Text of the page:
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jpd

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Dec 24, 2018
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Interestingly, if you multiply all by a factor of 10 it's somewhat consistent.
Except for tuition, new house and new car - half of them lol.

1620857482845.png
 
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wader

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Dec 22, 2018
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Clorets gum was discontinued so recently that many people might not have realized it's gone. Phased out in 2015, this breath-freshening gum was loved for its effectiveness against the biggest and baddest breath-odor causing foods like garlic and onions, according to Candy Crate. Clorets gum's unusual claim to fame was the inclusion of water-soluble chlorophyll—chlorophyllin—which began to be included in all sorts of products in the 1950s after scientists discovered that chlorophyll can reduce the odors produced by putrefaction, according to CurioCity. As there's at least one study that backs up the effectiveness of chlorophyllin at freshening breath, we can't believe Clorets couldn't keep going.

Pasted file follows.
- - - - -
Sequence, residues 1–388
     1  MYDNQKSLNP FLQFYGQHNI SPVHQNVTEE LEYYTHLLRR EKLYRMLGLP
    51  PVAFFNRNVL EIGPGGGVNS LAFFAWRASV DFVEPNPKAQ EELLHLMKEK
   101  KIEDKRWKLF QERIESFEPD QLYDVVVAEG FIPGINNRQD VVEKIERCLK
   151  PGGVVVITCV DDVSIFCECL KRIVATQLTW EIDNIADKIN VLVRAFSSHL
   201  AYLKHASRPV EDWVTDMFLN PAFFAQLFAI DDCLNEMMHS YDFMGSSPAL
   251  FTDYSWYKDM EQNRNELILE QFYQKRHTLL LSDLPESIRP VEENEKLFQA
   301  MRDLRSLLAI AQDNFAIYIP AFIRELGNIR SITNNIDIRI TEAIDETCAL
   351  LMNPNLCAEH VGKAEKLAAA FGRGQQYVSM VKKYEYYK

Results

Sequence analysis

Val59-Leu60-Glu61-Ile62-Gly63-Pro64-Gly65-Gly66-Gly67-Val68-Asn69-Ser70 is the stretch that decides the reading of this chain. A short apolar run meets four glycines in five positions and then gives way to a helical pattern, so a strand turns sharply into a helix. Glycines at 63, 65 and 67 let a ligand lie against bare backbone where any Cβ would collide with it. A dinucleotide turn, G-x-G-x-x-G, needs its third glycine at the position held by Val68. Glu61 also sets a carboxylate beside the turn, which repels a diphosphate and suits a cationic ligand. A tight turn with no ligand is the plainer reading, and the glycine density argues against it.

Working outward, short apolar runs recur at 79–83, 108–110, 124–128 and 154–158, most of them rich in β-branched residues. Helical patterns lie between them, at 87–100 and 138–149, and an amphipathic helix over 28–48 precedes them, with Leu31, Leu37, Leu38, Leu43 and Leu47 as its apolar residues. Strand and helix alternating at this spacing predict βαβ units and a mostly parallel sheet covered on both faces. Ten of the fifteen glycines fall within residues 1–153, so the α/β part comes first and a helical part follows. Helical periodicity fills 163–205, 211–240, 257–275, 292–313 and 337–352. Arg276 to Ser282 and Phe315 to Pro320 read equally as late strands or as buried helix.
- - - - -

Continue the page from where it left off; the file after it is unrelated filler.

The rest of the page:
I liked the taste.